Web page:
“I do believe that everyone with any small amount of musical ability has something good to say inside them. At the very least, they have the right to try.”
— Frank Turner, “Try This At Home: Adventures in Songwriting”
Not everybody knows that I have a long, albeit hidden, track record as a songwriter. I’ve been writing songs since before high school, easily dozens of them. Styles range from punk and pop (especially in my teen years) to rock’n’roll and alternative (whatever that means) for my adult life, and most recently folk and blues.
Despite this catalog, I’ve never, ever played one of my own songs for an audience. Many of them probably shouldn’t be because they’re just not good (my earliest ones influenced by U2 and INXS and The Alarm would be dreadfully dated now, at best). Some of them are too personal to let out of the bottle. Too many of them are unfinished. But a handful might be passable at an open mic night.
This backstory, to say nothing of my admiration of his music and writings, dovetailed nicely into buying Frank Turner’s latest book, “Try This At Home: Adventures in Songwriting.” In addition to having several of his records, I also own his entertaining autobiography, “The Road Beneath My Feet.” In his books as in his singing, Frank is brutally honest, charmingly self-effacing and always very engaging.
The book is not exactly what you’d find on the syllabus of a songwriting class in a conservatory. Frank cusses a lot, draws on the lessons of poor behavior and decisions on his part, and doesn’t really get too technical. “Songwriting is an art and a craft,” he notes in the book’s introduction. “While the art part remains appropriately mystical and out of reach, the latter craft side of it can be examined, dissected, practiced and ultimately taught,” even as he next admits he’s not much trained in it.
And so, Frank takes readers through deep dives into the inspiration, structure and timelines of around three dozen songs, from tales of love lost and found to politics to the passing of Vaudeville. For whatever one might think of his music, Frank’s knowledge of world history, musical traditions and the creative process are all first-rate, and you’ll learn something about many different topics in these pages. He’s also one of the best showmen I’ve ever seen, expert at drawing his audiences into the song through call-and-response, singalongs and all kinds of interaction. Not surprisingly, his books similarly draw a reader in close.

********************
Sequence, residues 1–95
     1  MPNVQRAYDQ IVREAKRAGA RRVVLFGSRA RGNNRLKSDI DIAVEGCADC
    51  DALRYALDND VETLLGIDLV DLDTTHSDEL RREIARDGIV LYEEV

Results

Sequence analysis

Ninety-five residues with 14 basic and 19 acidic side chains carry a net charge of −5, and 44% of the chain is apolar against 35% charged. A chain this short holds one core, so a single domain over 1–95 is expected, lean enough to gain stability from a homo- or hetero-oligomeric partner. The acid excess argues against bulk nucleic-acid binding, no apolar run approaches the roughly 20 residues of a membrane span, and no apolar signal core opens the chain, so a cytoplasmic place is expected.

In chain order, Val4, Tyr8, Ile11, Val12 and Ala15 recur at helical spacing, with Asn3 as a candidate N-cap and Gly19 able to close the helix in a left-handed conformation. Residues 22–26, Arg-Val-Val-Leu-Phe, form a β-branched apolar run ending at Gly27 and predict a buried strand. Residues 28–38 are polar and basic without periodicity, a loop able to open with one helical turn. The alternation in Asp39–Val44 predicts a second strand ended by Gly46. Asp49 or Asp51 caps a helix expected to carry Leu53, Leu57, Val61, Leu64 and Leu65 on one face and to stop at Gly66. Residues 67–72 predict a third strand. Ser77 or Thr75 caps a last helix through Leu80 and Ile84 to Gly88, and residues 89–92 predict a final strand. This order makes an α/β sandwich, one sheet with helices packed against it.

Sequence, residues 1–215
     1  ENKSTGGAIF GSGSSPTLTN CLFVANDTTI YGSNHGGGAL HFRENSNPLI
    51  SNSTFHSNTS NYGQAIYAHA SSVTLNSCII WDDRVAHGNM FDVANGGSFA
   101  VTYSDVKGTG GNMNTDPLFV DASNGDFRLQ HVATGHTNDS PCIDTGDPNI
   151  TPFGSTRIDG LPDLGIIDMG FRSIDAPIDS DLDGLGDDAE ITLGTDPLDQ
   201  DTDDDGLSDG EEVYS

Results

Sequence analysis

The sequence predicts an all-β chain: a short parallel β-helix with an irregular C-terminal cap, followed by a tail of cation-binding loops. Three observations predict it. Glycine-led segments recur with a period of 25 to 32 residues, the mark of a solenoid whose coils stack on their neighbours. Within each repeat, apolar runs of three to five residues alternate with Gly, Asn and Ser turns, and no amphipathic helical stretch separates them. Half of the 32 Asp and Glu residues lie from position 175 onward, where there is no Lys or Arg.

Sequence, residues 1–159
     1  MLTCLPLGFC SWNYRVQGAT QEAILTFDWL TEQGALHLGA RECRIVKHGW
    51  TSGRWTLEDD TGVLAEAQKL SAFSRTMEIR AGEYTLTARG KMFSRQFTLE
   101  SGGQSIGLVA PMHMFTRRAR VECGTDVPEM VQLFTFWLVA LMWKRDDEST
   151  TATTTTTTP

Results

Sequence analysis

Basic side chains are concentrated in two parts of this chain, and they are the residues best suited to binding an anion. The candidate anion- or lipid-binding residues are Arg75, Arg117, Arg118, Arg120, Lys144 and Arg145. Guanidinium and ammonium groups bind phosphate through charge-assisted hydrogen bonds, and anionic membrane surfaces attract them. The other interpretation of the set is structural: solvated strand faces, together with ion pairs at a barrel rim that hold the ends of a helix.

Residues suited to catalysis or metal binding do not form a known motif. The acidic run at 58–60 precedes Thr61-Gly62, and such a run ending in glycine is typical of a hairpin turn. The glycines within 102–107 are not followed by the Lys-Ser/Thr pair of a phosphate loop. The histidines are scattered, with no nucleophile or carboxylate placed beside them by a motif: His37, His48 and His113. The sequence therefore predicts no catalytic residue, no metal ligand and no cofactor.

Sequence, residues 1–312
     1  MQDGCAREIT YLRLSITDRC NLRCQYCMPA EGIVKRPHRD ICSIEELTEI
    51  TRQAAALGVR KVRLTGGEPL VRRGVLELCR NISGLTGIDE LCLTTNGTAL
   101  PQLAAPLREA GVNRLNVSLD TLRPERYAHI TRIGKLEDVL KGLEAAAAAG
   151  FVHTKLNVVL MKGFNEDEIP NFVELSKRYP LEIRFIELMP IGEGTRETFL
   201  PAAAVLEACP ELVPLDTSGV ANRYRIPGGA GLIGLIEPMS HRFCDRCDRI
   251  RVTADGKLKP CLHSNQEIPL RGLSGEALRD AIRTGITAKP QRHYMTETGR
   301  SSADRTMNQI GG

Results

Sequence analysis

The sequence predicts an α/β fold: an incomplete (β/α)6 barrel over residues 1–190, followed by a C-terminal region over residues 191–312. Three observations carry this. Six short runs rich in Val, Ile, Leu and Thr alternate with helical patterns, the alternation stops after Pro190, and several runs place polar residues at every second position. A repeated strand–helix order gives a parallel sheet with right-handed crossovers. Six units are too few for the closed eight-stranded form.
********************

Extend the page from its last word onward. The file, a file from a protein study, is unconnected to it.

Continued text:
A very valuable lesson from this book has been the difficulty for even the best writers of bringing a song from idea to lyrics to arrangement and then a lengthy fine-tuning process. One of my weaknesses in songwriting has been the initial excitement of a piece fading to the point I just want to get it done and then just leaving it. Frank often returns to songs he knows have potential to try to make them better, often trying again and again.
He also talks considerably about having a metaphorical treasure trunk of ideas. For him it’s notepads of everything from a clever turn of phrase to fragments of a tune to a song that he’s written but doesn’t feel complete. He does similar things with chords and arrangements that he later pieces together for finished tracks. It’s advice I give to my students working on ads and other creative projects — generate a bunch of ideas, because you never know if you’ll need them — but I’m bad at in my own life.
If you’re a Frank Turner fan, this is a must-have, obviously. If you’re interested in songwriting and like his style, this could also be useful. I’ve actually started writing pieces of songs — eschewing my normal habit of just writing a song to be done with it and moving on — so it’s already influencing my musical process.
So it’s truth in advertising: If you read this book about trying it at home, there’s a fair chance you actually will.
St. Stephen’s Church on Niagara Street has a special meaning for a place I haven’t been in much. It’s something I often pass while running, but moreover respect as the last representative of the once mainly Polish neighborhood where I live. But with word coming that it’s on a path toward closing with the consolidation of Catholic churches in Oswego, I feel like our neighborhood — a whole heritage, really — is losing something.
As the last vestige of the ethnicity that settled my neighborhood, it kept some of that alive through a very popular Polish festival where people could order pierogies and golabkis, chat with neighbors and play various games. But the food was the star: Lines would run out the door just for people who preordered — if you wanted to get some fresh, the wait was even longer.
My neighborhood used to feature Polish bakeries and butcher shops long before supermarkets, let alone chain supermarkets, were so prevalent. But all this actually goes back to a bygone era that still plays out, nearly imperceptibly, in our Port City.